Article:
BALTIMORE -- Yasiel Puig might have been called up by the Dodgers from the Minor Leagues this weekend if the schedule had them playing two Interleague Series instead of just one in Baltimore, manager Don Mattingly said Friday.
Mattingly said if the old Interleague schedule that clustered series between American League and National League clubs was still in place, it might have resulted in a "different conversation" internally.
But with only a three-game series in Baltimore, the club decided to keep the Cuban sensation at Double-A Chattanooga.
Mattingly said that calling up Puig to "light a fire" would "feel like panic." And in NL games, Puig wouldn't start ahead of corner outfielders Carl Crawford or Andre Ethier. Mattingly also indicated he doesn't consider Puig a natural fit for center field, where the struggling Matt Kemp starts.
He added that when decisions like this are made on a young player still in development, "it involves a group decision ... not by-the-Major-League-manager decision."
"We don't know," he said. "You could give him a year and a half in the Minors and he could still fall on his face. You just don't know."
Hanley shows encouraging power in batting practice
BALTIMORE -- Dodgers shortstop Hanley Ramirez took live early batting practice at Camden Yards before Friday night's game and hit with power, but manager Don Mattingly said a Minor League rehab assignment is still at least a week away.
"Stan [Conte, medical director] said we've got to get off the trip first," Mattingly said. "[It is] at least a week before a rehab assignment. You want him to play at least a game or two. He hasn't played a [Major League] game in six months. He needs to get out and prove himself."
Ramirez did, however, play in the World Baseball Classic, where he hurt his thumb, and said he would return to the Dodgers without a rehab assignment if it were up to him. He said he hopes to be in the lineup by April 30, when the Dodgers will give away his bobblehead at Dodger Stadium.
"It's still a little sore in the joint, three weeks without moving it," said Ramirez, who appeared ginger on his throws to first base.
Ramirez originally was given a two-month timetable to return from March 22 surgery, but said earlier this week that he was far ahead of schedule, and his display Friday seemed to back that up, at least as far as swinging the bat.
"What he's been able to do has shocked all of us," said Mattingly. "Taking BP, his swing is like normal. Is he able to do that without the brace? There's still healing to be done. It seems his throwing, he still has trouble with the feel making all his throws. He asked if he could DH tonight and I couldn't hardly argue. I wouldn't mind it."
Ramirez had been throwing for the past two weeks despite a small cast that limited the pressure he could put on his healing thumb.
Now that the cast has been replaced with a pliable splint taped to his thumb, he's able to throw with more freedom.
Lilly set to join rotation after Capuano's injury
BALTIMORE -- Ted Lilly will start Wednesday night's game against the Mets, manager Don Mattingly confirmed Friday. Lilly replaces the injured Chris Capuano, who previously replaced the injured Zack Greinke.
"That's our plan," said Mattingly. "Obviously, he's got to come out of the bullpen today and one more [side session], but that's the plan."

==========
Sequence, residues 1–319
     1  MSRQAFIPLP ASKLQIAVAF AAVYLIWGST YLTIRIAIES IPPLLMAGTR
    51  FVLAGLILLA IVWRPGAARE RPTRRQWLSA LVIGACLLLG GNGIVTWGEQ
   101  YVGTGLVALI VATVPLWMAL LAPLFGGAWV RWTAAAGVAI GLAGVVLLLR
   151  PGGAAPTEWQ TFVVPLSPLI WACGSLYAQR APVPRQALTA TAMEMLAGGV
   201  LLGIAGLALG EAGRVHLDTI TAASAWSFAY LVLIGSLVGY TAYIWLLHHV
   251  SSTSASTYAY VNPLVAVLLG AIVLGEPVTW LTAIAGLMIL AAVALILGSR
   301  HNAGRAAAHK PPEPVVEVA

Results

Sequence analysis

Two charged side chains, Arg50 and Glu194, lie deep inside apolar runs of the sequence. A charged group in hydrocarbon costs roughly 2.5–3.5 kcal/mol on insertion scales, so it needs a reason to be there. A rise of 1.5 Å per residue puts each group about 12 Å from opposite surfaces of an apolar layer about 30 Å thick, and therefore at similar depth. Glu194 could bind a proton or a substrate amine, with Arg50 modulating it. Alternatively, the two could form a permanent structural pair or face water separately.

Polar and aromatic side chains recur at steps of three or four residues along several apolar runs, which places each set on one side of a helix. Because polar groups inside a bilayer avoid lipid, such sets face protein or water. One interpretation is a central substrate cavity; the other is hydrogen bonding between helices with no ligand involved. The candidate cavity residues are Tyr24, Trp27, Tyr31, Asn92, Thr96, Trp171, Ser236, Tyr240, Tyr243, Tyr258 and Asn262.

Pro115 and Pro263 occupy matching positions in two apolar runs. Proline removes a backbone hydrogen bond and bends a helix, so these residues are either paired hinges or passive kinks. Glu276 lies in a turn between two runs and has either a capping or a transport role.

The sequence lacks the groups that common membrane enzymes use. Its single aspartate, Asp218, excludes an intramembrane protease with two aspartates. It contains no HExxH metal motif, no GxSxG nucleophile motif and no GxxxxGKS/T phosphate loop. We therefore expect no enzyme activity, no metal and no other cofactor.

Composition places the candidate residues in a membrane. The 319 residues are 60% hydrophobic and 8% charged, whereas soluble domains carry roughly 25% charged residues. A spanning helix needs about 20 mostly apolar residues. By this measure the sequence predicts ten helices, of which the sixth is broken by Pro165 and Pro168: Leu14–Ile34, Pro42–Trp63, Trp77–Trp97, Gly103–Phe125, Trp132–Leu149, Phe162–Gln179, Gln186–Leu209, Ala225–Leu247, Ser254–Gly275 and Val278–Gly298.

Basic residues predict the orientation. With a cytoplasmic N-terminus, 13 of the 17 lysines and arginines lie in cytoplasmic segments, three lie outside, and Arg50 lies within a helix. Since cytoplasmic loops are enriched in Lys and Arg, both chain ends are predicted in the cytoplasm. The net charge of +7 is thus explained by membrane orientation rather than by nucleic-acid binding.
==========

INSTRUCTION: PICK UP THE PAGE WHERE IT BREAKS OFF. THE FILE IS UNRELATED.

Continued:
It's been a couple weeks of drama for Lilly, who opened the season on the disabled list, as his recovery from last year's shoulder surgery was slowed during Spring Training by the flu and a rained-out start.
He was in a standoff with management a week ago over whether he needed additional Minor League rehab starts, but injuries to Greinke and Capuano left the Dodgers needing Lilly now.
"I spent plenty of time on the DL last year and I can't wait to get off it," said Lilly, who threw a bullpen session Friday and will have another Sunday. "Unfortunately, to be completely frank, the last thing we needed was something like what happened to Greinke and Cappy going down. I hope they get back as soon as possible."
Lilly said each of his three rehab starts was better than the previous with his delivery and ability to adjust. He said he's looking forward to competing again in the Major Leagues for the first time since last May.
"I don't take anything for granted or expect anything given to me," he said. "I've never been that way. I'm fortunate to be able to do what I do and very grateful for the opportunity to pitch in the big leagues. I realize that could change at any moment."
Capuano undergoes MRI, receives calf injection
BALTIMORE -- Dodgers pitcher Chris Capuano had an MRI and platelet-rich plasma injection Thursday in his injured calf muscle, the club announced.
Capuano left Tuesday night's game with a strained left calf muscle, which he said he originally felt stretching before last Thursday's game in San Diego.
That was the game that left Zack Greinke with a broken collarbone because of a benches-clearing fight. Capuano said his calf worsened sprinting from the bullpen to the infield during the brawl.
Capuano, who opened the season in the bullpen, took four days of treatment and believed he was healthy enough to take Greinke's start, but was injured in the second inning covering first base and placed on the 15-day disabled list.
Capuano did not accompany the club to Baltimore, and manager Don Mattingly said he did not know if Capuano would join the club in New York next week.
Ken Gurnick is a reporter for MLB.com. This story was not subject to the approval of Major League Baseball or its clubs.